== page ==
Wouldnt flex, backlash, and other undesirable movements have more negative impact than belts and pulleys? Inkjet printers use belts and they get pretty nifty resolution but they also benefit from multiple nozzles firing off at precise timings. They also use dc motors with encoders so there are some parallels but big differences too.
 Re: Resolution along X and Y vs Z: are belts precise enough? May 29, 2015 01:45PM Registered: 11 years ago Posts: 335
One thing people seem to forget is that once you start counting microns a 3d printer really isn't that rigid. If your nozzle is too close to the previous layer the plastic will both push the nozzle upwards and spread out more, making it somewhat self correcting.

Once your layer height gets small enough you basically need to imagine every linkage as a spring. The hotend in most printers will move a few microns when exposed to a strong breeze.
 Re: Resolution along X and Y vs Z: are belts precise enough? May 29, 2015 01:46PM Registered: 10 years ago Posts: 344
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thejollygrimreaper
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belts have quite big teeth that may leave some traces on the surfaces of the prints
have you got any evidence of this occurring ?

I think I do. I have seen vertical stripes on many printed objects with glossy surface from different printers and I cannot find any other reason for their existence. I cannot quantify the stripes in terms of microns, though. For sure they do not affect the printed objects in terms of functionality, but they do exist, and quality is not necessarily just "being functional" mechanically.

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JamesK
The Z axis has very different requirements to X & Y for most printer designs as it usually carries a lot more weight and performs more limited movements. Lead screws make sense for Z, while the lighter & faster belt drives make sense for X & Y.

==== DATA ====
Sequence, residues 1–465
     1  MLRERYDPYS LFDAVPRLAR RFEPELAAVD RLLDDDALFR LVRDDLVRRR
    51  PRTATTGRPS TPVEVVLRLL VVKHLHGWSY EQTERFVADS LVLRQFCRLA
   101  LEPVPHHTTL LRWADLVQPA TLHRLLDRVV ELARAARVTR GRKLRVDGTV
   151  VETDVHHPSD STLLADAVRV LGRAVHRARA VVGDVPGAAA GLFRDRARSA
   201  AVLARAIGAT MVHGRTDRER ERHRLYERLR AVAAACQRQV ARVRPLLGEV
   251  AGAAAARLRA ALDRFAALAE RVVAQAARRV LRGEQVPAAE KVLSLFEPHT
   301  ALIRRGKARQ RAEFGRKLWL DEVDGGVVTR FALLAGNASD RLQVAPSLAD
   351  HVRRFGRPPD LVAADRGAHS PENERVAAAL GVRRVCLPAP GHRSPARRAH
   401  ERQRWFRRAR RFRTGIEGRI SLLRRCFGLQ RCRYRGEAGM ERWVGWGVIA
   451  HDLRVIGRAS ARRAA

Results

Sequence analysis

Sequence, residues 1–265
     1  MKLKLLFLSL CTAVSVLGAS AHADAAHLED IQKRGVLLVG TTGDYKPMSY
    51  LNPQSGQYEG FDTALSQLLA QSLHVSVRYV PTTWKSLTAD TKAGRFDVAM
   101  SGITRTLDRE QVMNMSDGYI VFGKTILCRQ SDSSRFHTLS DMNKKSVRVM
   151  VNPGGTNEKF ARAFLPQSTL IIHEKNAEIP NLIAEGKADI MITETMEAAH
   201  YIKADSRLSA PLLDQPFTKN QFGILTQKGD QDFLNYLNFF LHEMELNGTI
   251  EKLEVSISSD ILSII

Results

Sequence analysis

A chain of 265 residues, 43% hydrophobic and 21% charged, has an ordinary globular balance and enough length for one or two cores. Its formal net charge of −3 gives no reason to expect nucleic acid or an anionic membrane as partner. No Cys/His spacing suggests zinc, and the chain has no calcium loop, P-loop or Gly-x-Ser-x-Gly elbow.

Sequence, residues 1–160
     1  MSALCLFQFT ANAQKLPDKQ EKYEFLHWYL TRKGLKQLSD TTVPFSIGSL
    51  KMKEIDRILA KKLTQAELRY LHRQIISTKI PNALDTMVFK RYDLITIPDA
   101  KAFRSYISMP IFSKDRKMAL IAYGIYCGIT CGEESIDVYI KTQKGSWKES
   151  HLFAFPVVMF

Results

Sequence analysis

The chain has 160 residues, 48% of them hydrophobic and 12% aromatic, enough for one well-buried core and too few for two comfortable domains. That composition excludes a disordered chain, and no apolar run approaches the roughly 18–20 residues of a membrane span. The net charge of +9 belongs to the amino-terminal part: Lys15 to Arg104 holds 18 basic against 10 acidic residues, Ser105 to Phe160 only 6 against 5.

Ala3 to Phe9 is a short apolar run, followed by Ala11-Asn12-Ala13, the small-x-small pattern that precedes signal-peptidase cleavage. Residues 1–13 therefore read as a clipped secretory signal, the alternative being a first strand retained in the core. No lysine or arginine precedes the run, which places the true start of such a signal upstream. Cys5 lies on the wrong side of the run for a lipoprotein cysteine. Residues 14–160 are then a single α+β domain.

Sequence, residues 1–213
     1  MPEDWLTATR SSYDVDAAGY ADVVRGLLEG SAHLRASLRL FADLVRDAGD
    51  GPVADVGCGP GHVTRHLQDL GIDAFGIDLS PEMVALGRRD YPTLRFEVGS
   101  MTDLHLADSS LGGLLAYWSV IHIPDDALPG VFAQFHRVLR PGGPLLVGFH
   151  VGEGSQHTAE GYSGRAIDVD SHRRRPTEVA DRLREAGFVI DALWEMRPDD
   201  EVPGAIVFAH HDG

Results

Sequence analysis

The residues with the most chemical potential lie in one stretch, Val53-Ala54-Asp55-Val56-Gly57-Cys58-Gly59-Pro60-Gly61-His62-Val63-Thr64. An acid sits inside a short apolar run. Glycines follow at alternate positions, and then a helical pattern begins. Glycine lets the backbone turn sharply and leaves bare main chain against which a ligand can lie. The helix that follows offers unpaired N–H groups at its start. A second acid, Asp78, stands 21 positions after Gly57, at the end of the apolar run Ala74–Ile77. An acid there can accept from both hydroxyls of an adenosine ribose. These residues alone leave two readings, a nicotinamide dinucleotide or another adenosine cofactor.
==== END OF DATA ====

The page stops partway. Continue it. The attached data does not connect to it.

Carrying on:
The difference in resolution between Z and X/Y is about 40 times. I agree that Z is different from X and Y, but not "40 times" different. The weight of my bed is more than 0.5kg and it relies on a belt to move horizontally. Please show me a printer that has a bed lighter than 0.5kg and something to move along Z that weights 40 times 0.5 kg = 20 kg.

I am not telling that it does not work, I am trying to understand why it is usually done like that, even it were just to reduce the costs.

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dc42
On a delta printer, the Z axis drive relies on belts too. I have found this quite adequate down to layers heights of 0.1mm. I haven't tried lower.

In this sense, a delta printer seems "better proportioned" to me.

Edited 1 time(s). Last edit at 05/29/2015 01:50PM by cristian.
 Re: Resolution along X and Y vs Z: are belts precise enough? May 29, 2015 01:58PM Registered: 10 years ago Posts: 344
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VDX
... belt drives are been used mostly for higher possible speeds than with spindles.

As the Z-axe can be much slower and the steppers with spindles can withstand the gravity with motors off, this is the most practical solution for the standard machines ...

To withstand gravity, a lever corresponding to 20 steps per millimeter is more than enough (I tried), which is a resolution 10 times smaller.